Preliminary and Final Decisions

Western Forest Products Limited; MacMillan Bloedel Limited; Canadian Forest Products Limited; District of Mission; International Forest Products Limited; Richmond Plywood Corporation Limited v. Province of British Columbia (Ministry of Forests)

Decision Date:
July 17, 1998
File Numbers:
Decision Numbers:
Third Parties:
Ministry of Forests


Decision Date: July 17, 1998

Panel: Toby Vigod, Robin Ceasar, Katherine Lewis

Keywords: Forest Act – s. 105; Coast Appraisal Manual – ss. 1.4, 1.6, 2.3.4, 2.3.4(e)(iv), 3, 5.3, 5.5; stumpage adjustment; effective date of a re-determined rate.

This is an appeal of a Review Decision confirming several Stumpage Adjustment Notices, effective June 1, 1997, which were issued to the Appellants by the Director, Revenue Branch, in response to a mathematical error which had been found in the original Notices, effective April 1, 1997. The error was in the calculation of the Coast Mean Value Index (“MVI”) and Coast Base Rate (“BR”): only 11 months of harvest history instead of 12 were used for calculating the MVI. This resulted in the assessed stumpage rates being $0.06 per cubic metre too high. The Revenue Branch corrected the error, reran the stumpage rates using existing data, and issued new Notices with the new effective date.

The Appellants appealed on the grounds that the Branch used the wrong method for correcting the error. They argued that s. 2.3(4) of the Coast Appraisal Manual (“CAM”) requires a stumpage determination containing a mathematical error to be subject to a complete reassessment, using costs and prices in effect at the time of reappraisal, not merely a correction of the error. If this had been done, stumpage rates would have been reduced by several dollars per cubic metre, saving the Appellants between $10 and $20 million depending on the effective date of the correction, which they argue should be April 1, 1997, not June 1, 1997.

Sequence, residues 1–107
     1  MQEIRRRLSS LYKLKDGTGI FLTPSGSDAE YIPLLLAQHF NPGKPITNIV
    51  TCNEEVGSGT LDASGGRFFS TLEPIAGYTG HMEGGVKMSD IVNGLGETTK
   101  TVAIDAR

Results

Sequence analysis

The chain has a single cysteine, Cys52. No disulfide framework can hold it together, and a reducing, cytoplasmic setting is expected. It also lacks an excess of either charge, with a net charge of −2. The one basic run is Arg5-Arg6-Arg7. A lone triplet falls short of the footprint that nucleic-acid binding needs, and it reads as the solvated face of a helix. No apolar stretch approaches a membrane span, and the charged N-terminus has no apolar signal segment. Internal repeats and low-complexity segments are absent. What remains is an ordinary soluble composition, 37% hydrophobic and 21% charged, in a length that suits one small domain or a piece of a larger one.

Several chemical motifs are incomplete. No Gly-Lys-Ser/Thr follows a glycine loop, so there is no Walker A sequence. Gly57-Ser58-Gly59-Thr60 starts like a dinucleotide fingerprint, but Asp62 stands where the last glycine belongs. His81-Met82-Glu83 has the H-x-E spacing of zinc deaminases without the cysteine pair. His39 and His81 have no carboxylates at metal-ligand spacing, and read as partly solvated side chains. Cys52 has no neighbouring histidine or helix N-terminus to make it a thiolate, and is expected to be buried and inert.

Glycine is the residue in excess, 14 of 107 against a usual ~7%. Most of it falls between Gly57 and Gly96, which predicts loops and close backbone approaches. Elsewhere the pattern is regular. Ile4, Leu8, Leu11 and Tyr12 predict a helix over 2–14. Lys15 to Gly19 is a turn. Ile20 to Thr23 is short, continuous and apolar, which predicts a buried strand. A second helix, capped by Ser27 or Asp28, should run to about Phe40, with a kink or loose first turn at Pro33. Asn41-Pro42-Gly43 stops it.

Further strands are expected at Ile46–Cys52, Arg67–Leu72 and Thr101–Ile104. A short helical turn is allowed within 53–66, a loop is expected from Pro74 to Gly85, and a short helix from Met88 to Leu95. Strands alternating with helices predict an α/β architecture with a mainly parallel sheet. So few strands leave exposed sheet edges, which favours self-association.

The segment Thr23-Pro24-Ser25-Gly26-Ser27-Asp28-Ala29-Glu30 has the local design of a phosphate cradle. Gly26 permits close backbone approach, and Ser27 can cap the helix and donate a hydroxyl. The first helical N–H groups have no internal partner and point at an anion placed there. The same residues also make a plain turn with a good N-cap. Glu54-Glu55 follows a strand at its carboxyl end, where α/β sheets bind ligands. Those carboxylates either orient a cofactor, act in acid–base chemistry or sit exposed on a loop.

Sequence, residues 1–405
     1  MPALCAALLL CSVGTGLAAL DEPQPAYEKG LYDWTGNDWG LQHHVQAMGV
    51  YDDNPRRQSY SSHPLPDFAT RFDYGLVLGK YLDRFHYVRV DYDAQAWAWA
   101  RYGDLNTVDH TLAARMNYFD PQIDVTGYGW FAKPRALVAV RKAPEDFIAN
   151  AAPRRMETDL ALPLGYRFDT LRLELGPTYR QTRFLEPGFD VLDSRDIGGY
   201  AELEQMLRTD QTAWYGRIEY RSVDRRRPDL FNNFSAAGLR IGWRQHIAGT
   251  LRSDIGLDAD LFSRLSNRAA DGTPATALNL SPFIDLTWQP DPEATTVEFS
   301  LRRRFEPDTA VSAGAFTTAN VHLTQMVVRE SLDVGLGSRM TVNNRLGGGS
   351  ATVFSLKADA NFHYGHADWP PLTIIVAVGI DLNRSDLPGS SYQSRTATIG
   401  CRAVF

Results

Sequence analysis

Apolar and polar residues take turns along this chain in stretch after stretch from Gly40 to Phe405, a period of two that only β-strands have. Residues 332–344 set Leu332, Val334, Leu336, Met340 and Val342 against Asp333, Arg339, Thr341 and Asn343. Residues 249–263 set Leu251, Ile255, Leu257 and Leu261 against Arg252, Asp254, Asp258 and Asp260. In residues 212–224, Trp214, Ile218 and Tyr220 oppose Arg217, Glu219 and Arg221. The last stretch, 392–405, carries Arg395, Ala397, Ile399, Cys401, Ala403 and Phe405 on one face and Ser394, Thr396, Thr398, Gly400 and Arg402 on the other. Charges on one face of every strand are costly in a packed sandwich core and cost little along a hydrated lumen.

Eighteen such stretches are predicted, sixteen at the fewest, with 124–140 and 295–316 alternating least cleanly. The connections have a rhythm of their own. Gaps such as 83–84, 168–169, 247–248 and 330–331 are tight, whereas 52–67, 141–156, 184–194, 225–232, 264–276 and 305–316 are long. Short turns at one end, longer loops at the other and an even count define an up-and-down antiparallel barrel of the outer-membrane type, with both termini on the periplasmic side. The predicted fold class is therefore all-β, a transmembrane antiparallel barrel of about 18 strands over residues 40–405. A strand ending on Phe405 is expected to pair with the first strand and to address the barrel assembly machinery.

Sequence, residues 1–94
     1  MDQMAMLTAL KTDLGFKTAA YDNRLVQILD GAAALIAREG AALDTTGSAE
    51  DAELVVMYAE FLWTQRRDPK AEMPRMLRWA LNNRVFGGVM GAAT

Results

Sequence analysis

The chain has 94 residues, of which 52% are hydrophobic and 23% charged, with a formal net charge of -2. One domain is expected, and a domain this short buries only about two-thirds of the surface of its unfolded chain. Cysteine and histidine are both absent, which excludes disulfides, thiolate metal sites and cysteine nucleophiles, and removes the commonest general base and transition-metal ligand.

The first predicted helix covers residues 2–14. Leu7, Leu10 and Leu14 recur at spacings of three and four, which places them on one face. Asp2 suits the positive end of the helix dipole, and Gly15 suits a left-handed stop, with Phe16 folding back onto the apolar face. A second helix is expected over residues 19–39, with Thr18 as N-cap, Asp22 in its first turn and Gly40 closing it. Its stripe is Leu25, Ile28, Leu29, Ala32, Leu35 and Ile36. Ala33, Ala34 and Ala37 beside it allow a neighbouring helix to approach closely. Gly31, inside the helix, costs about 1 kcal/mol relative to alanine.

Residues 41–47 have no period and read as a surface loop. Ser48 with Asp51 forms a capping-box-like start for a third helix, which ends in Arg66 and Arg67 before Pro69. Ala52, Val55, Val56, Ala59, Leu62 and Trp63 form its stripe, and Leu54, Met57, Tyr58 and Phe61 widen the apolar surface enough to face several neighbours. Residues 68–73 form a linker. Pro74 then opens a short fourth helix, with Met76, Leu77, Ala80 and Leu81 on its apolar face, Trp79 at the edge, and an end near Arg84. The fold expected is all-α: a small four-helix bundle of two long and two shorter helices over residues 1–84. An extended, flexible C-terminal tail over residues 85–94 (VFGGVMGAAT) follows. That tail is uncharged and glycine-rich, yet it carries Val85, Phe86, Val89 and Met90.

The Board found that s. 2.3(4) of the CAM sets up a parallel process for the correction of mathematical errors depending on the source and type of the error. In some cases, the Director, Revenue Branch is notified and corrects the error; in other cases it is the Regional Manager who gets notice and corrects the error. In the case of an error to the MVI or BR, the Board found that the Director, Revenue Branch is responsible for correcting the error and reappraising the cutting authorities using the CAM, in effect on the effective date of the reappraisal, to the extent that he has the authority and capability to do so. It found that the preamble to s. 2.3(4)(e) contemplates different roles for the Revenue Branch and the Regional Appraisal Co-ordinator. As the Director, Revenue Branch has jurisdiction over an error in the MVI and BR, but has no authority or capability to go back to the site-specific level and revisit every piece of information, the Board found that his recalculation of the MVI and BR with the extra month of data, and rerunning of stumpage rates using the information available in the computer, fulfilled the requirements of the CAM.

On the appropriate effective date, the Board found that proper notice of the error was given in accordance with s. 2.3(4) in May of 1997 and, therefore, the effective date of June 1, 1997 was correct. The appeal was dismissed.